Can demand rise yet the price fall? Sure can. We have been warning for some time that in a severe recession the flight into tangibles will be halted because people will not be able to afford them. So platinum and silver, very much the industrial components of the precious metals trio, are already feeling the strain.
What does it signify? That what goes up might just come down. All three metals are already well below their 2011 highs and platinum is in surplus. The flight from currencies has been the driver for all three above, but a realisation is surely dawning: there is no alternative to the US dollar in volume. We have:
Whilst the EU/Eurozone one is normally the strongest bloc, it is currently struggling to stay alive and would hardly put itself up as the world reserve currency right now. China is wisely content to maintain a fixed parity to the dollar. The others do not have the volume singly and the possibility of their combining is non-existent. So George Washington it is. Now a strong dollar rarely betokens strong gold. So let’s beware the runaway prophets. Not that this will necessarily stop them, GFMS, no less, says investment demand will push silver over $50/oz by late 2012. So far this year it has been a not-soshabby $36. It admits there will be a production – to – consumption surplus, but investment will take up the slack. It forecasts 278Moz from that sector in 2011. Other commentators warn that silver’s very volatility holds its back. It topped $50/oz earlier this year yet slid over $20 in one trading hit. Not good for the digestion.
India should buy more gold. The inhabitants of the world’s second most populous country (it will overtake China soon) are very fond of gold. They took $11bn worth in Q3 2011, level with China and 27% of world total. But not so it’s Central Bank. It has told the Government to buy more. There is certainly scope. To perspectivise it: National stocks stand at 558 tonnes, less than 2% of world bank holdings. For almost 20% of the world’s population that is hardly flying the flag now is it? Even China has almost double that whilst the USA wallows in over 8000 tonnes. Meanwhile India’s Rupee has fallen massively against the dollar and it now at its lowest for 32 months.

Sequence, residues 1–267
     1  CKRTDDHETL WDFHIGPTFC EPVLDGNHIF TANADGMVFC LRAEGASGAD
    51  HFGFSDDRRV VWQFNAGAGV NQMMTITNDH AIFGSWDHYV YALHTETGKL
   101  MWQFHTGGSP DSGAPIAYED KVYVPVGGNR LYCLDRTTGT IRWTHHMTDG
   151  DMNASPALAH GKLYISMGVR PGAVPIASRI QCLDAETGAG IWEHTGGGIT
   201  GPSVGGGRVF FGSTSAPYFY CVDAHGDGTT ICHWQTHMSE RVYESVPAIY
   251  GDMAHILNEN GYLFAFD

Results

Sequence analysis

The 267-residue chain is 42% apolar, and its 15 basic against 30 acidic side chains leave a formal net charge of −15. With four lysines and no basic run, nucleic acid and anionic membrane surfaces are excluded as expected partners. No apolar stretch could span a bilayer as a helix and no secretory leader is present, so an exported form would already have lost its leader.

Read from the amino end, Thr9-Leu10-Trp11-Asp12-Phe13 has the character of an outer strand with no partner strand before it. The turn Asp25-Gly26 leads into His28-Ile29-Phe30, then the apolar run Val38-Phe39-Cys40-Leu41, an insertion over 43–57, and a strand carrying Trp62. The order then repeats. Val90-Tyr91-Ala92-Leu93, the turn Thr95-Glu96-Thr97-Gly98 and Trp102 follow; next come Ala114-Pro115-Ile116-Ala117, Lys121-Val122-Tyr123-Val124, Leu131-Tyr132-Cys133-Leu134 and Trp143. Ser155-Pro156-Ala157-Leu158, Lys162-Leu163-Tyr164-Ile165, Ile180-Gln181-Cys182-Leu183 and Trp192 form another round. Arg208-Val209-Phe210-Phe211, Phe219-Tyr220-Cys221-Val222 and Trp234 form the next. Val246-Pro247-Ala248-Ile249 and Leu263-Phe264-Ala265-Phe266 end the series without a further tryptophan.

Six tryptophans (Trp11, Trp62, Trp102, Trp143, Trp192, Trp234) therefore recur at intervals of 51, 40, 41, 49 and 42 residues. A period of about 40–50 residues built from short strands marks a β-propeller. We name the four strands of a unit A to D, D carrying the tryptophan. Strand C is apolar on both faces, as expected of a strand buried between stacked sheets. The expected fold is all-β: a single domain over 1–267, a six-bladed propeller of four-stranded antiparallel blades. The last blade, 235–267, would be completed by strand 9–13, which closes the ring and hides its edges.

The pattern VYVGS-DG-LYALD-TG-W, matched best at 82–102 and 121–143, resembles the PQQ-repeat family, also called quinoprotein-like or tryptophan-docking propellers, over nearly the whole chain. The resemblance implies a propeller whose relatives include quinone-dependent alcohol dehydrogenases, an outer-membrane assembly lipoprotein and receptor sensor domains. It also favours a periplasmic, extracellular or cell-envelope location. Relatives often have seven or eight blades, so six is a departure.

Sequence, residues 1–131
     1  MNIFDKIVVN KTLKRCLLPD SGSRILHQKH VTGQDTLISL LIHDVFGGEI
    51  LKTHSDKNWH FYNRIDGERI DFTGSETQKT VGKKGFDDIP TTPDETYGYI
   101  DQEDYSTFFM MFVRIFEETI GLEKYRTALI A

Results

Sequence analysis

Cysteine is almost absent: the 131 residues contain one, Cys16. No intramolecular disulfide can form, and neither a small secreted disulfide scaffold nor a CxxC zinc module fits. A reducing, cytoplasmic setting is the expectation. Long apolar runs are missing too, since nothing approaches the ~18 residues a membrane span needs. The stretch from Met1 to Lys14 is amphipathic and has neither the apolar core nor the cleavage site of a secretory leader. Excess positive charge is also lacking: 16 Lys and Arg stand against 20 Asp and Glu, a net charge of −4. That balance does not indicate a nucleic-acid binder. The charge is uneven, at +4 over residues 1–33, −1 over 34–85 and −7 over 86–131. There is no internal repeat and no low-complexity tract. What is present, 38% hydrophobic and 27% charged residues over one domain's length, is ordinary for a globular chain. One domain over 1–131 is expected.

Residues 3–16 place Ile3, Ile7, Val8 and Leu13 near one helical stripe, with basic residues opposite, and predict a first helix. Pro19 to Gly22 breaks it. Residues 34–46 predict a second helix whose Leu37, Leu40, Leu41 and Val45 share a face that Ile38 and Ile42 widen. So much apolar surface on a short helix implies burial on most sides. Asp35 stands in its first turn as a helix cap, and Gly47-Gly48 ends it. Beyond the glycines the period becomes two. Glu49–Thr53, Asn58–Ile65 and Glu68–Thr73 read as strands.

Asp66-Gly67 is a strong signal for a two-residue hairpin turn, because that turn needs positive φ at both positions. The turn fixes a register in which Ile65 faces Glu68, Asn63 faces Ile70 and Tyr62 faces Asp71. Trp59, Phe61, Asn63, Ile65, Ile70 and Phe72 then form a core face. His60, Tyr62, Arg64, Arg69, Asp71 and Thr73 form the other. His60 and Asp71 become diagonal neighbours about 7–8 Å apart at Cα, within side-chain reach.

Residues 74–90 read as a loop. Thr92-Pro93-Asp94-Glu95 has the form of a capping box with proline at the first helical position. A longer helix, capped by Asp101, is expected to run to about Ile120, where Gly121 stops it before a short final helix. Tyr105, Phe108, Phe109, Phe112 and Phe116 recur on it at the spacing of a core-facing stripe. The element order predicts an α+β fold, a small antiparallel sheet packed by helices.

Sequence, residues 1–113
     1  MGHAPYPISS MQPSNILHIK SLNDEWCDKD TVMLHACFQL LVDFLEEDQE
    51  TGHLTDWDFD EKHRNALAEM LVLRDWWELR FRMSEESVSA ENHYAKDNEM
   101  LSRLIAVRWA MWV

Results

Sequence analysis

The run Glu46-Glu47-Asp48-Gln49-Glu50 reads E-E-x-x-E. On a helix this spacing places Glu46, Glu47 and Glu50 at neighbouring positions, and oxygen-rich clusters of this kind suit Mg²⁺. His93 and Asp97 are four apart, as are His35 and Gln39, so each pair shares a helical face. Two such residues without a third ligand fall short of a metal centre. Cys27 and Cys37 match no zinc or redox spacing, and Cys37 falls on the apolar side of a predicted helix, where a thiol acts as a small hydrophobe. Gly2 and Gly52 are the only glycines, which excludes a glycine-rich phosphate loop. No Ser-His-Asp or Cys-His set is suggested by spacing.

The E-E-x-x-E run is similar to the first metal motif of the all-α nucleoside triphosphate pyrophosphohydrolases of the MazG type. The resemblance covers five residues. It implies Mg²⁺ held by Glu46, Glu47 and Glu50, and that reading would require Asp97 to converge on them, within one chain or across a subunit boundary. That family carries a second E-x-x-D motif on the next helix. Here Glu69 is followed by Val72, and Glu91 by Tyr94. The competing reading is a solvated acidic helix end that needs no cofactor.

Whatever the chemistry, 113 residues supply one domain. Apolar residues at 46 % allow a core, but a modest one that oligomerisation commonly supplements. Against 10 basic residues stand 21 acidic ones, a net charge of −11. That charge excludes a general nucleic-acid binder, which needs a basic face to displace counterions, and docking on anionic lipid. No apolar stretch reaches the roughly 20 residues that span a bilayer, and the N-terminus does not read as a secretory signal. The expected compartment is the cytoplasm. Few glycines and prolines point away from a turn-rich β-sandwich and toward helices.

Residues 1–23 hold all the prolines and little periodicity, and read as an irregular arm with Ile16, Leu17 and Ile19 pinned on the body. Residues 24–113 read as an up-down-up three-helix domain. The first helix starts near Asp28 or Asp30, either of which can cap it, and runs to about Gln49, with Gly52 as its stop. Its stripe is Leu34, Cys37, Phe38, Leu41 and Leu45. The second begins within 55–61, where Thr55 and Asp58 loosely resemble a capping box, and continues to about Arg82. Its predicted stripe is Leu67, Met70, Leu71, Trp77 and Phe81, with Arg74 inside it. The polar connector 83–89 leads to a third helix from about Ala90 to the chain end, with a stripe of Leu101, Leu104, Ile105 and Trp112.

Europe and Gold. Is it indicative that Europe bought more gold than either the US or China last year? It is hard to lay that at the doorstop of anything other than the Euro crisis. But with belt tightening its only choice we cannot see the trend continuing; bar a currency collapse, of course.
Shares versus Bullion? Only the market will answer the plaintive call for a rerating of gold shares relative to the gold price. So heavyweights like Soros and John Poulson are buying the stocks. Just one teensy problem, would you buy a share when its underlying commodity might go down as easily as go up? Historically, the boys have a case.
The trend is not dramatic but obvious. The current price level for gold is not trusted. Dividend growth is not keeping pace with earnings and even learner ore grades are being pursued.
Central Bank Buying. WGC tells us the national banks bought c. 150 tonnes of gold in Q3 2011 but nobody knows which ones. Clearly only those who can afford it, by virtue of their FOREX reserves. Top of the pops is China, with $3.2 x 10¹².
Before we get excited, that would buy them about 600 tonnes, to bring their total to c. 1700 tonnes, or a half of what Germany holds and about a fifth of Fort Knox levels. It would also curtail their shopping trips to Africa. Nor might it provide the insurance cover many think that brings. Portugal (the P in P11GS) has 82% of its foreign reserves in gold but has just had its government bonds reduced to junk status. Christmas has come early to India. Beside ATMA dispersing little bars of bullion they now throw out diamond jewellery. It will be interesting to learn what the buyback arrangements are.
About David Hargreaves
David Hargreaves is a mining engineer with over forty years of senior experience in the industry. After qualifying in coal mining he worked in the iron ore mines of Quebec and Northwest Ontario before diversifying into other bulk minerals including bauxite. He was Head of Research for stockbrokers James Capel in London from 1974 to 1977 and voted Mining Analyst of the year on three successive occasions.
Since forming his own metals broking and research company in 1977, he has successfully promoted and been a director of several public companies. He currently writes “The Week in Mining”, an incisive review of world mining events, for stockbrokers WH Ireland. David’s research pays particular attention to steel via the iron ore and coal supply industries. He is a Chartered Mining Engineer, Fellow of the Geological Society and the Institute of Mining, Minerals and Materials, and a Member of the Royal Institution. His textbook, “The World Index of Resources and Population” accurately predicted the exponential rise in demand for steel industry products.